The ship carried four 15-centimeter (5.9 in) TbtsK C/36 guns in single mounts with gun shields, one forward of the superstructure and three aft. Her anti-aircraft armament consisted of four 3.7-centimeter (1.5 in) C/30 guns in two twin mounts abreast the rear funnel and seven 2-centimeter (0.8 in) C/30 guns in single mounts. Z27 carried eight above-water 53.3-centimeter (21 in) torpedo tubes in two power-operated mounts.[1] Two reloads were provided for each mount. She had four depth charge launchers and mine rails could be fitted on the rear deck that had a maximum capacity of 60 mines. 'GHG' (Gruppenhorchgerät) passive hydrophones were fitted to detect submarines and an S-Gerät sonar was also probably fitted. The ship was equipped with a FuMO 24/25 radar set above the bridge.[1][2][3]


While precise data is unavailable, Z27 probably received a pair of 2 cm quadruple mounts during 1942, most likely replacing several single mounts.[4]

Construction and career

Z27 was ordered from AG Weser (Deschimag) on 23 April 1938. The ship was laid down at Deschimag's Bremen shipyard as yard number W961 on 27 December 1939, launched on 1 August 1940, and commissioned on 26 February 1941. Her first commander was Korvettenkapitän (Lieutenant Commander) Karl Smidt. While still working up, she was assigned to escort the Baltic Fleet, a temporary formation built around the battleship Tirpitz, as it sortied into the Sea of Åland on 23-29 September to forestall any attempt by the Soviet Red Banner Baltic Fleet to breakout from the Gulf of Finland.[5]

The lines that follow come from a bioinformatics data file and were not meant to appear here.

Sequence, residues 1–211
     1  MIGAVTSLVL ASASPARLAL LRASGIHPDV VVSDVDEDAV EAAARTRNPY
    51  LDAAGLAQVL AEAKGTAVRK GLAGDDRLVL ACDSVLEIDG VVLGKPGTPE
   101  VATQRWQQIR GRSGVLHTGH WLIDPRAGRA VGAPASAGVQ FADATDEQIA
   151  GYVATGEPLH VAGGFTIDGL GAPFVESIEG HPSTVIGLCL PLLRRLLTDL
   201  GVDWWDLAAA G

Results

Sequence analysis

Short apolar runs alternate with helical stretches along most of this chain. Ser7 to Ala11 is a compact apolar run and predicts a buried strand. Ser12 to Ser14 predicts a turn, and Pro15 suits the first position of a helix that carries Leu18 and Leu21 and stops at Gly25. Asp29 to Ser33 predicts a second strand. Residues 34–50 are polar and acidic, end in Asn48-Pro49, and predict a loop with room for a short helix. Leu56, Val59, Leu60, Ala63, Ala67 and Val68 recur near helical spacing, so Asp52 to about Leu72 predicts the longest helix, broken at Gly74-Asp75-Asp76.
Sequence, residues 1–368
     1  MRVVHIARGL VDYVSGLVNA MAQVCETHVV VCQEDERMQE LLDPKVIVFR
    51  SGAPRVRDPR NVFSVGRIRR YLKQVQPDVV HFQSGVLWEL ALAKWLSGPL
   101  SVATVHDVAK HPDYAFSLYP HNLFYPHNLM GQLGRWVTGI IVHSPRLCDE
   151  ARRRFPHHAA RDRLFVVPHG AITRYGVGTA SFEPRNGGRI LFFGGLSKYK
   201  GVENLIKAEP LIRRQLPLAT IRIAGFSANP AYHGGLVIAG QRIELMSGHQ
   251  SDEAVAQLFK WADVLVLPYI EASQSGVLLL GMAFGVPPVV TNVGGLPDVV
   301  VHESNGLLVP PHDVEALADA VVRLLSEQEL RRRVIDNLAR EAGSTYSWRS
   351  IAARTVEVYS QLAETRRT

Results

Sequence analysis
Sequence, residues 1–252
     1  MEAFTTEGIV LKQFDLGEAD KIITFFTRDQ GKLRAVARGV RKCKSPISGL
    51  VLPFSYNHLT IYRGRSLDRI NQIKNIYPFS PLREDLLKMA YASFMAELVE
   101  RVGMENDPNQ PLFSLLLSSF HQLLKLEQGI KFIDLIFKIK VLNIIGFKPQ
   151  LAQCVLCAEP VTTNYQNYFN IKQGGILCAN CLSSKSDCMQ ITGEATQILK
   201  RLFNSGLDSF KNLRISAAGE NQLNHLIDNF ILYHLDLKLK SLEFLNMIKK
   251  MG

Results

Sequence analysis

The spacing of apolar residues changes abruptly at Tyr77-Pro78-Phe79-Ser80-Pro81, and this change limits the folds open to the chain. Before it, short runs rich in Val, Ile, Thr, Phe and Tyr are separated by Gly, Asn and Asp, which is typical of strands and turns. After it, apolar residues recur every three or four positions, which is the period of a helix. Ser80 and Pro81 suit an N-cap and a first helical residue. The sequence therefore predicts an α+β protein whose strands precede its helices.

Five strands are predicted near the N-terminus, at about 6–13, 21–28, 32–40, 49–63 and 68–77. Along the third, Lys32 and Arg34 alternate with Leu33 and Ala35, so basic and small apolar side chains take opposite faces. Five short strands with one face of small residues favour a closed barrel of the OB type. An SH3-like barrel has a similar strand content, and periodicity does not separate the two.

Two months later Z27 accompanied her sister ships, Z23 and Z25, from Germany to Norway and arrived in Tromsø on 6 December where she was briefly assigned to the 8. Zerstörerflottile. She was one of four destroyers that sailed into the Barents Sea on 16 December, searching for Allied ships off the coast of the Kola Peninsula. The following day, Z25s radar spotted two ships in heavy fog at a range of 37.5 kilometers (23.3 mi). The Germans thought that they were Soviet destroyers, but they were actually two British minesweepers, Hazard and Speedy, sailing to rendezvous with Convoy QP 6. The Germans intercepted them, but the heavy fog and icing precluded accurate gunfire. The British ships were able to escape despite four hits on Speedy and the heavy expenditure of ammunition; Z25 and Z27 attempted to fire 11 torpedoes between them, but were only able to launch one each. Z27 then developed problems with her propeller shaft and sailed for Germany on 5 January 1942 to begin a refit. The ship returned to Norway on May and took part in the preliminaries of Operation Rösselsprung, an attempt to intercept Convoy PQ 17 in early July. The heavy cruisers Admiral Scheer and her sister Lützow formed one group in Narvik with Z27 and four of her sisters while Tirpitz and the heavy cruiser Admiral Hipper composed another. While en route to the rendezvous at the Altafjord, Lützow and three destroyers of Tirpitzs escort ran aground, forcing the entire group to abandon the operation. On 13-15 October, Z27, her sister Z30 and the destroyers Z4 Richard Beitzen, Z16 Friedrich Eckoldt laid a minefield off the Kanin Peninsula at the mouth of the White Sea that sank the Soviet icebreaker Mikoyan. Three weeks later, the same four destroyers escorted Admiral Hipper as she attempted to intercept Allied merchant ships proceeding independently to Soviet ports in early November. While searching for convoy traffic at the far end of the patrol line, Z27 was alerted to the presence of a tanker by the Admiral Hippers float plane on 7 November and set off in pursuit. The destroyer first intercepted and sank the submarine chaser BO-78 then caught up to and sank the westbound 8,000-gross register ton (GRT) Soviet oil tanker Donbass, rescuing survivors from both ships.[6]